Novel Recombinant Human B7-H4 Antibodies Overcome Tumoral Immune Escape to Potentiate T-Cell Antitumor Responses


Dangaj, D., Lanitis, E., Zhao, A., Joshi, S., Cheng, Y., Sandaltzopoulos, R., . . . Scholler, N. (2013). Novel recombinant human B7-H4 antibodies overcome tumoral immune escape to potentiate T-cell antitumor responses. Cancer Research, 73(15), 4820-4829.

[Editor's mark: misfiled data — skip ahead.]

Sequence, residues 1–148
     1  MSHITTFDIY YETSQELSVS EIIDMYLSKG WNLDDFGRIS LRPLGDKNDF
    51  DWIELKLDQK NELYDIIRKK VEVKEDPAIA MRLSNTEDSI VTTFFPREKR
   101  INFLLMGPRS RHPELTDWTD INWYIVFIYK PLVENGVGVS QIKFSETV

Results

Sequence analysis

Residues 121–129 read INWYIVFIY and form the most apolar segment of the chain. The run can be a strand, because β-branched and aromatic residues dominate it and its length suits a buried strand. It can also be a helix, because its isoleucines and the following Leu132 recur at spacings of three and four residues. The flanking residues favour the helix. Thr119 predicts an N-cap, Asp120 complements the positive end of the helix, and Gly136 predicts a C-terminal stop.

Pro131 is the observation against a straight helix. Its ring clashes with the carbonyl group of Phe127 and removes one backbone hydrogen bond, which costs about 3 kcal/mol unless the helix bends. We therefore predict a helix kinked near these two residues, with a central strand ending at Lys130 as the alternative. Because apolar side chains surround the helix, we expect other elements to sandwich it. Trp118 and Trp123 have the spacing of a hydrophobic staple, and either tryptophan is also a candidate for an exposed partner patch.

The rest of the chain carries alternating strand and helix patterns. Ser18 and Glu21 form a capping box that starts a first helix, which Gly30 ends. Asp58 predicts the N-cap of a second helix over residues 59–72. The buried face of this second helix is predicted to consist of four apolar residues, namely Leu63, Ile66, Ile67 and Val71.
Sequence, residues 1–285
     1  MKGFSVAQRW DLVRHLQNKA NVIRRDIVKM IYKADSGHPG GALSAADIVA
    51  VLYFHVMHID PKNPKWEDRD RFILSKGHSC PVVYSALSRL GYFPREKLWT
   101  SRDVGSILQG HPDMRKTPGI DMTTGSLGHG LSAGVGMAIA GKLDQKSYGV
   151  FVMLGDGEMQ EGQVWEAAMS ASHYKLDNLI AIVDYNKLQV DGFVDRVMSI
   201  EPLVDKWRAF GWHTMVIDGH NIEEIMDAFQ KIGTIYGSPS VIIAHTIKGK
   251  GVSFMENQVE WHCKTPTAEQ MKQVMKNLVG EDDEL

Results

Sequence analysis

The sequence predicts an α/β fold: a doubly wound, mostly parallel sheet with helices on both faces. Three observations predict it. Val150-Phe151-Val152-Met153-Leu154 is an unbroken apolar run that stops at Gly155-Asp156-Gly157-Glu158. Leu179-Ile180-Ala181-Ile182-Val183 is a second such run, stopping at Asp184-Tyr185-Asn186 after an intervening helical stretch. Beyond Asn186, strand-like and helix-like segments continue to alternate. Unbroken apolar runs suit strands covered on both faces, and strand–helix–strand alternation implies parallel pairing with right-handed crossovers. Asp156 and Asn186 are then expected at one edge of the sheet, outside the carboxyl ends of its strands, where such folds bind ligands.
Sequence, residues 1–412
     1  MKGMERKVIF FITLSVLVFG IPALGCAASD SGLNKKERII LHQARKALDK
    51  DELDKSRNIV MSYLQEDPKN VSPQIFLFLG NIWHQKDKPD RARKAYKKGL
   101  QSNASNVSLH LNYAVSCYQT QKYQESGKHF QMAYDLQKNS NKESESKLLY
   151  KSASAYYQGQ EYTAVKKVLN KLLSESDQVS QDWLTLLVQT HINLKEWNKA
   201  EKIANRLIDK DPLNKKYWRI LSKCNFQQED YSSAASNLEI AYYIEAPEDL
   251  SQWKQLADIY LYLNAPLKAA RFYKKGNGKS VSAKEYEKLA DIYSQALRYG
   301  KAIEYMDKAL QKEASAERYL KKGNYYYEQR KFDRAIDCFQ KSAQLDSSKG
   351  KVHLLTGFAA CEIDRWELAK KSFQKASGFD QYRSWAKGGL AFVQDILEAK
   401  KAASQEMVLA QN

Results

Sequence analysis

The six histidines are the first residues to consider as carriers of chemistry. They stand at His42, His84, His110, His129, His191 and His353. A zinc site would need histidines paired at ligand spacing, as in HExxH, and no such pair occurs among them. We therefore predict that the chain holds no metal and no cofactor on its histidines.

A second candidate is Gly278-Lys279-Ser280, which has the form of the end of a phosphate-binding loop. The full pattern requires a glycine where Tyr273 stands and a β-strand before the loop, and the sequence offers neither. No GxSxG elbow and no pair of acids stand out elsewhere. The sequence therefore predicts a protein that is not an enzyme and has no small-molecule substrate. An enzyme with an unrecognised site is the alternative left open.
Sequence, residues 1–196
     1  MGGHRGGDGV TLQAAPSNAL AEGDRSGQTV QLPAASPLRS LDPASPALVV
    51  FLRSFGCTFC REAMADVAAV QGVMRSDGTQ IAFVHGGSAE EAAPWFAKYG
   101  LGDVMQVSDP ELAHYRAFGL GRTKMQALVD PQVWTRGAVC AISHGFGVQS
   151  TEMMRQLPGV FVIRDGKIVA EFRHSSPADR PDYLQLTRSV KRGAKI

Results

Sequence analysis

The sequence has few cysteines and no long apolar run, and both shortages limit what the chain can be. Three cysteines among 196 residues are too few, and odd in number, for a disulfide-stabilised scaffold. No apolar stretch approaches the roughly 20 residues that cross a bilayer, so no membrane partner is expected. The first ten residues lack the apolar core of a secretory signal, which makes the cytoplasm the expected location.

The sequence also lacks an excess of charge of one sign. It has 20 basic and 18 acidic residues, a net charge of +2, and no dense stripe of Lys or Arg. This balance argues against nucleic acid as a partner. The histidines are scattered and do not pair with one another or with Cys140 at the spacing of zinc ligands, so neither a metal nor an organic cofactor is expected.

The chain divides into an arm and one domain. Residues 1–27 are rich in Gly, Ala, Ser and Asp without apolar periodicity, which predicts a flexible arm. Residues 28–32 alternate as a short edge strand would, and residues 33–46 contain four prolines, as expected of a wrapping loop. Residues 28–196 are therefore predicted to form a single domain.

B7-H4 (VTCN1, B7x ,B7s) is a ligand for inhibitory co-receptors on T cells implicated in antigenic tolerization. B7-H4 is expressed by tumor cells and tumor-associated macrophages (TAMs), but its potential contributions to tumoral immune escape and therapeutic targeting have been little studied. To interrogate B7-H4 expression on tumor cells, we analyzed fresh primary ovarian cancer cells collected from patient ascites and solid tumors, and established cell lines before and after in vivo passaging. B7-H4 expression was detected on the surface of all fresh primary human tumors and tumor xenotransplants, but not on most established cell lines, and B7-H4 was lost rapidly by tumor xenograft cells after short-term in vitro culture. These results indicated an in vivo requirement for B7-H4 induction and defined conditions for targeting studies. To generate anti-B7-H4 targeting reagents, we isolated antibodies by differential cell screening of a yeast-display scFv library derived from ovarian cancer patients. We identified anti-B7-H4 scFv that reversed in vitro inhibition of CD3-stimulated T cells by B7-H4 protein. Notably, these reagents rescued tumor antigen-specific T cell activation which was otherwise inhibited by co-culture with antigen-loaded B7-H4+ APCs, B7-H4+ tumor cells or B7-H4- tumor cells mixed with B7-H4+ TAMs; peritoneal administration of anti-B7-H4 scFv delayed the growth of established tumors. Together, our findings showed that cell surface expression of B7-H4 occurs only on tumors in vivo, and that antibody binding of B7-H4 could restore anti-tumor T cell responses. We suggest that blocking of B7-H4/B7-H4 ligand interactions may represent a feasible therapeutic strategy for ovarian cancer.

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